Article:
Tutorial 6  Fourier Analysis Made Easy Part 2
Charan Langton, complextoreal.com
Page
1
Intuitive Guide to Principals of Communications
Tutorial 6 
Fourier Analysis Made Easy
Part 2
Complex representation of Fourier series
cos
sin
jwt
e
wt
i
wt
(1)
Bertrand Russell called this equation “the most beautiful, profound an
d subtle expression
in mathematics.”. Richard Feyman., the noble laureate said that it is “the most amazing
equation in all of mathematics”. In electrical engineering, this enigmatic equation is
equivalent in importance to F = ma.
This perplexing looking equation was first developed by Euler (pronounced Oiler) in the
early1800’s. A student of Johann Bernoulli, Euler was the foremost scientist of his day.
Born in Switzerland, he spent his later years at the University of St. Petersburg in Russia.
He perfected plane and solid geometry, created the first comprehensive approach to
complex numbers and is the father of modern calculus. He was the first to introduce the
concept of log x and e
x
as a function and it was his efforts that made the use of e, i and
pi
the common language of mathematics. He derived the equation e
x
+ 1 = 0 and its more
general form given above. Among his other contributions were the consistent use of the
sin, cos functions and the use of symbols for summation. A father of 13, he was a prolific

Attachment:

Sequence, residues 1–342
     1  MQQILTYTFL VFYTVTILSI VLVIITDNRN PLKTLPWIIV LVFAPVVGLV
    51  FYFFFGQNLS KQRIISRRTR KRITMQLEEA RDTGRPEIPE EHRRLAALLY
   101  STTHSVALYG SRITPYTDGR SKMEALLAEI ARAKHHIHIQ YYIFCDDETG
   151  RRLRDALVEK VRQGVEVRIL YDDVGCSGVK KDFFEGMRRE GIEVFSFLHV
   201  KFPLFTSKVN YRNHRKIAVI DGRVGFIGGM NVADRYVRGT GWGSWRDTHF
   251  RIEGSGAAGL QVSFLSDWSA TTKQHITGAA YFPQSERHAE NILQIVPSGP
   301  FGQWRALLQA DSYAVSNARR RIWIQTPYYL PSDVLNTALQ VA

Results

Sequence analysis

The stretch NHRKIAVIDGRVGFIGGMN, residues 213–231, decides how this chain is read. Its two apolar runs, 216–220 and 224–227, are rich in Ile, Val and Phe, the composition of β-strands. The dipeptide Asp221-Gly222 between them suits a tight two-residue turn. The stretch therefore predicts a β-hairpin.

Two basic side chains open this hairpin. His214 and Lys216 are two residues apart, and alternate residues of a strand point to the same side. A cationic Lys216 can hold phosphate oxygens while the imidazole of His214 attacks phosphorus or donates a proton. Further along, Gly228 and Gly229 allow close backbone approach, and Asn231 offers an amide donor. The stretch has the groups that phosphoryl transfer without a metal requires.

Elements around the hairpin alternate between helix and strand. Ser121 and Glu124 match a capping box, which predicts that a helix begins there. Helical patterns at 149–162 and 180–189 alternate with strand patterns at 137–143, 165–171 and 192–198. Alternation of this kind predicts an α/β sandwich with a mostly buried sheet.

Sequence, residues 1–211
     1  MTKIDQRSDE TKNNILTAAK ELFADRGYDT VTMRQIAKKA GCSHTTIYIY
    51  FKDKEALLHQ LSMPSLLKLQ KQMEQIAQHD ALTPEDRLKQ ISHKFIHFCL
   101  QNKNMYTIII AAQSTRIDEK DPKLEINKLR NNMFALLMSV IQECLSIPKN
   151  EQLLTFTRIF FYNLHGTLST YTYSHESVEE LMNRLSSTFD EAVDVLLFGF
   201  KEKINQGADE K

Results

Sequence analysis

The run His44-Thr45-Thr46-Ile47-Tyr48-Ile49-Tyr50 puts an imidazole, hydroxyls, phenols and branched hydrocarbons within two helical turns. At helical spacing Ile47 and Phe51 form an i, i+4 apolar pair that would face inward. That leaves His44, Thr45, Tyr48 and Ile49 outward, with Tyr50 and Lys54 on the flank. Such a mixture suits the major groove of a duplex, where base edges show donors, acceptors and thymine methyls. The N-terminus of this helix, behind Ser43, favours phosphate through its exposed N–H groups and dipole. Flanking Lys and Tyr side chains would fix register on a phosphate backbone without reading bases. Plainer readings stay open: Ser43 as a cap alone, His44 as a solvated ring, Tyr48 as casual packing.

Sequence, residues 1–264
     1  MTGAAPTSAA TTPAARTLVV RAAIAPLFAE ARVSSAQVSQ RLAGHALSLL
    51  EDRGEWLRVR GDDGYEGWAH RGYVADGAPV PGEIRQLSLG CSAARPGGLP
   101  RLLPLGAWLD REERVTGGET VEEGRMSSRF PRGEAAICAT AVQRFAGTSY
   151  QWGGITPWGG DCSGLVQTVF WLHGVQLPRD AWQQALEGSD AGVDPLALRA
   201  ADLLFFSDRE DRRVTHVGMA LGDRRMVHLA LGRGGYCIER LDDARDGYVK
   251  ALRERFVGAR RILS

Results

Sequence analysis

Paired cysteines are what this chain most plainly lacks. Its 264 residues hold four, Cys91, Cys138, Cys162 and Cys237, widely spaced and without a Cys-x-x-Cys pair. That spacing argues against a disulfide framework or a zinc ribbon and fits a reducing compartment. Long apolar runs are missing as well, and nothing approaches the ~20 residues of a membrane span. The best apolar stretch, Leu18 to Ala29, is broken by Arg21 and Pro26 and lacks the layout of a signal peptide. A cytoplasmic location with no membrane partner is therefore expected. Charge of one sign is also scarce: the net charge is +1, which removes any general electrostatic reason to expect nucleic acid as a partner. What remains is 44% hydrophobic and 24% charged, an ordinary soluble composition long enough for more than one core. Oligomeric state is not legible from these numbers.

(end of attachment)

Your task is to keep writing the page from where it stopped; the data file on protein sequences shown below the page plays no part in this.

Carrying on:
man in all aspects, in languages, medicine, botany, geography and all physical sciences.
The secret to this equation lies in understanding that sinusoids are a special case of a
general polynomial function of the form
e
jwt
in Euler’s equatio
n is a decidedly confusing concept. What exactly is the role
of
j
in e
jwt
? We know that it stands for
1
but what is it doing here? Can we visualize
this function?
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Tutorial 6  Fourier Analysis Made Easy Part 2
Charan Langton, complextoreal.com
Page
2
Before we continue the discussion of Fourier Series and its complex
re
presentation, let’s first try to make sense of e
jwt
as it relates to signal processing.
Take any real number, say 3, and plot it on a XY plot as in Fig 1a. Multiply this
number by j, so it becomes 3j.
Where do we plot it now? Herein lies our answer to what
multiplication with j does.
Figure 1a
 Relationship of real
Figure 1b
–
Multiplication with j
and imaginary numbers
represents a phase shift
The number stays exactly the same, 3j is the same as 3, except that multiplication
with j shifts the phase of this number by +90
o
.
So instead of an Xaxis number, it
becomes a Yaxis number. Each subsequent multiplication rotates it further by 90
o
in the
XY plane as shown in Figure 1b. 3 become 3j, then 3 and then 3j and back to 3 doing a
complete 360 degree turn. Division by j means the opposite. It shifts the phase by 90
o
.
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 Spring '11
 Tutorials
 Complex number, Charan Langton, Analysis Made Easy

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